Devaluation raises Venezuela's debt burden to 70% of GDP
The size of the economy has shrunk following the adjustment of the exchange rate
Pressed by the need to fill the gap between expenditures and revenues, the Venezuelan Government devalued the currency -a move that increases the amount of bolivars per petrodollars, but also creates negative effects on public finances as it raises the debt burden.
The increased debt burden means that the market perception of risk worsens and the country has to pay higher interest rates to obtain new financing. At the same time, the government has to pay higher amounts for the principal and interests payable on the debt. This absorbs a larger portion of the budget and cuts down the funds available for sectors such as health, education and infrastructure.
Economist and professor at the Central University of Venezuela (UCV) José Guerra, who conducted a research together with his colleague Luis Oliveros to assess the trend of Venezuelan debt, asserted that devaluation dilutes the amount of debt in bolivars because the government will need fewer petrodollars to repay the debt. However, the move also cuts the size of the economy, that is, the gross domestic product, while the foreign currency debt remains unchanged.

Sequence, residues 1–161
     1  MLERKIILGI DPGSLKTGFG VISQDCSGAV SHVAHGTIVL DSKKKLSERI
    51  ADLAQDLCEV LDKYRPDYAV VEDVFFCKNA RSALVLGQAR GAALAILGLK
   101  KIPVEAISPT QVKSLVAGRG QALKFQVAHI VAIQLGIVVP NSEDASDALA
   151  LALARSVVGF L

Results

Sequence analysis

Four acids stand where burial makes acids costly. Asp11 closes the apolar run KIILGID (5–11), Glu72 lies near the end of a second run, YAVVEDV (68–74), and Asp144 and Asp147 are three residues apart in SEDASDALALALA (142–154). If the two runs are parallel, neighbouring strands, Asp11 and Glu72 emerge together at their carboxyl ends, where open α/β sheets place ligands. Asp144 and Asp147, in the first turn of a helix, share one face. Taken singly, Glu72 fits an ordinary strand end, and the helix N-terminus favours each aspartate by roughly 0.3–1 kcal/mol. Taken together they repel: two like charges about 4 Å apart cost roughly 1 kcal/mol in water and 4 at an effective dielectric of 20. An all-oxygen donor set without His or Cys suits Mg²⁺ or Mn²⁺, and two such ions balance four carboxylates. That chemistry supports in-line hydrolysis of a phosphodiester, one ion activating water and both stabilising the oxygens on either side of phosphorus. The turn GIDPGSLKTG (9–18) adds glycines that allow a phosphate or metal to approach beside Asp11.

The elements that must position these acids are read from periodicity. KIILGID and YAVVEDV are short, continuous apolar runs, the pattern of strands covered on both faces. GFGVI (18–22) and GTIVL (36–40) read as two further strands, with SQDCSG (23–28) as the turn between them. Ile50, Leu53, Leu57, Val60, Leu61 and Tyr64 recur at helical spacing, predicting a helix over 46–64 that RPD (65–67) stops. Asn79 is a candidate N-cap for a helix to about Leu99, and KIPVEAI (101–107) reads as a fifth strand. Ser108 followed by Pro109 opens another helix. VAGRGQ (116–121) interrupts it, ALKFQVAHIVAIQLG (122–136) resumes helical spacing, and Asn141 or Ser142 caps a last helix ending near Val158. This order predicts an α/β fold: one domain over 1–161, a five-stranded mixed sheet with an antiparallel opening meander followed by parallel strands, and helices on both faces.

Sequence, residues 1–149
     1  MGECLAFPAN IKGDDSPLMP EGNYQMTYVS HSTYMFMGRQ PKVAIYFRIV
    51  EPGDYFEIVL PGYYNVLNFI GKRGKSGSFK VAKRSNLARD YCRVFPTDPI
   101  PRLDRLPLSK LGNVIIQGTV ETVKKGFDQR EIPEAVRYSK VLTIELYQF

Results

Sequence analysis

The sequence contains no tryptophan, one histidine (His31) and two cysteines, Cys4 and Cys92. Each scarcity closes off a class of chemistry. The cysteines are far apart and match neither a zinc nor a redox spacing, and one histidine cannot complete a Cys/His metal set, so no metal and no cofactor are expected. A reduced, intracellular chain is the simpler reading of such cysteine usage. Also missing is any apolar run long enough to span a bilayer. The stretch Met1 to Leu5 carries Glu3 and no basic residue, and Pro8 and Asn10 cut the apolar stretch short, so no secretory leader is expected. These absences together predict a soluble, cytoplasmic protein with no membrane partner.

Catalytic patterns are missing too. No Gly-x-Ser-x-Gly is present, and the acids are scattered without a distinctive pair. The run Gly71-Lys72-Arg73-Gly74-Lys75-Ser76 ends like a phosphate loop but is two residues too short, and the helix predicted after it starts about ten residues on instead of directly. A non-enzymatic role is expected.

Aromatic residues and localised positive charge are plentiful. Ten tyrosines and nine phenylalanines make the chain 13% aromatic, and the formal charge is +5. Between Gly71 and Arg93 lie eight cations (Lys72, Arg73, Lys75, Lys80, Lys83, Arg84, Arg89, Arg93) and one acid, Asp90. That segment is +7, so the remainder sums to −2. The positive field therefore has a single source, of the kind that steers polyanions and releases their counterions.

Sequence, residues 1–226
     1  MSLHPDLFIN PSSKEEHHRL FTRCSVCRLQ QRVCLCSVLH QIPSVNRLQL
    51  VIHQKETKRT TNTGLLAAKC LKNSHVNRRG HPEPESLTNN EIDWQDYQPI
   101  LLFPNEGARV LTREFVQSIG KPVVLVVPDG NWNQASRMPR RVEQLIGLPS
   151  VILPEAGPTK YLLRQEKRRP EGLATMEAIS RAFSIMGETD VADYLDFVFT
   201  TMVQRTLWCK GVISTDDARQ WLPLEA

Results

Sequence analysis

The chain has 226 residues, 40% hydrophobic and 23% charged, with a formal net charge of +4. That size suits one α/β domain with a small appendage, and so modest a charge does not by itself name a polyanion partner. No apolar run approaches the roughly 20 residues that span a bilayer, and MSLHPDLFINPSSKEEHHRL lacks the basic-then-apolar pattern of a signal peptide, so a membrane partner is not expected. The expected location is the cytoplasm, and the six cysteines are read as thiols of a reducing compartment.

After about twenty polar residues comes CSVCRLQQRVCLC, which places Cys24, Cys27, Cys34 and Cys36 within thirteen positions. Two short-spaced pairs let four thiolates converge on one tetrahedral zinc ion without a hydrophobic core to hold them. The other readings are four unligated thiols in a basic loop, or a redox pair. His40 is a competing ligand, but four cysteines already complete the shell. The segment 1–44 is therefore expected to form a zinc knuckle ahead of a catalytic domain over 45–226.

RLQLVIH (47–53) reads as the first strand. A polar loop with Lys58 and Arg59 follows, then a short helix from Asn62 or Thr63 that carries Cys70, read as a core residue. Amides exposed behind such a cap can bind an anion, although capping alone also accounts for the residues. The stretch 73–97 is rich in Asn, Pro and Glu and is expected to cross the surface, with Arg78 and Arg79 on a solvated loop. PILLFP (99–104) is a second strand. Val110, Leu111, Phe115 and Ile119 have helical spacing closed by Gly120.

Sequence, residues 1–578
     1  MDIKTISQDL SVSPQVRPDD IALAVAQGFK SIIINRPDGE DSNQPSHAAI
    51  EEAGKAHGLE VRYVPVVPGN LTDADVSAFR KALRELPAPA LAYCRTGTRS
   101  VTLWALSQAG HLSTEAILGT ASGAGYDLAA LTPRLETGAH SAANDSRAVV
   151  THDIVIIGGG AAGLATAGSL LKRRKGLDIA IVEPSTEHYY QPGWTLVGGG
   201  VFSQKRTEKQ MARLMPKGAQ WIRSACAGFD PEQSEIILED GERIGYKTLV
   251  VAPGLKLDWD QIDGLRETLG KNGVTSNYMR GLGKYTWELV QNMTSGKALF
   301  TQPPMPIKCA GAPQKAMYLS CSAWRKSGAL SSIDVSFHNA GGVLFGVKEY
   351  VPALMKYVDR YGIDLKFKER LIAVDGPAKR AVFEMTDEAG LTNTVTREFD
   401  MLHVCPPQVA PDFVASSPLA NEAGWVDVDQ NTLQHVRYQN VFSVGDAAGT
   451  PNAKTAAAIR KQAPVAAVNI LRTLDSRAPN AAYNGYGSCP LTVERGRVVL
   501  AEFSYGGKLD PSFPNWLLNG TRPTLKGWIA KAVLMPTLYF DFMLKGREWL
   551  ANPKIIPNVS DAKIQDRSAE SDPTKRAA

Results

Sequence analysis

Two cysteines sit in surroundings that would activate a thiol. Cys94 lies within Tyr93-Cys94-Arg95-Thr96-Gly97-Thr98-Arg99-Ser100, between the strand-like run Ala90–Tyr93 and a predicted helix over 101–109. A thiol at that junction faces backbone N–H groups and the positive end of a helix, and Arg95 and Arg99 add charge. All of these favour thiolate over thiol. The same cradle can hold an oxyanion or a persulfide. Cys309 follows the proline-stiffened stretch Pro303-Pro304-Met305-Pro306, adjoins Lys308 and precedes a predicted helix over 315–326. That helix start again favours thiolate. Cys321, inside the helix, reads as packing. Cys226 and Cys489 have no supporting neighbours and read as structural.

If one takes all the debt in bolivars and converts it into dollars based on the new exchange rate of VEB 6.30 per US dollar, and if the foreign debt is included, the total debt of the Venezuelan republic is USD 180 billion.
When the GDP is converted into US dollars, the total debt, after the devaluation, represents 70% of GDP, up 20 points compared to the level recorded with the exchange rate at VEB 4.30 per US dollar.
While this not an unmanageable debt-to-GDP ratio, it is no longer a comfortable level and triples the amount recorded in 2008.
Just like in the 1970s, the country has increased the debt amid a cycle of high oil prices, while skyrocketing public spending has failed to diversify the economy.
Translated by Maryflor Suárez R.
A simple reason: there is oil galore, would suffice to explain Guyana's actions. Another explanation lies in the little or none efforts made by the Venezuelan government to thwart the move by the Guyanese. This is certainly not a new problem, but a problem only recently highlighted because oil is involved. But what other resources does the disputed area hold? For most of us it is a section on the map with black and white stripes on it, a depiction of something distant, alien, a nothingness not worth paying much attention to in geography classes back in elementary school.